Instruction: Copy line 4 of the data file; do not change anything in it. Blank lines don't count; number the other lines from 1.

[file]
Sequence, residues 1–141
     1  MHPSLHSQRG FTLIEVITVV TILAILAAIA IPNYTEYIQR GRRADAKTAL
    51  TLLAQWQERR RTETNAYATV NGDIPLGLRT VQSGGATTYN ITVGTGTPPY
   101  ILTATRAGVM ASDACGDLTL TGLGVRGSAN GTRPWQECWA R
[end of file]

   101  ILTATRAGVM ASDACGDLTL TGLGVRGSAN GTRPWQECWA R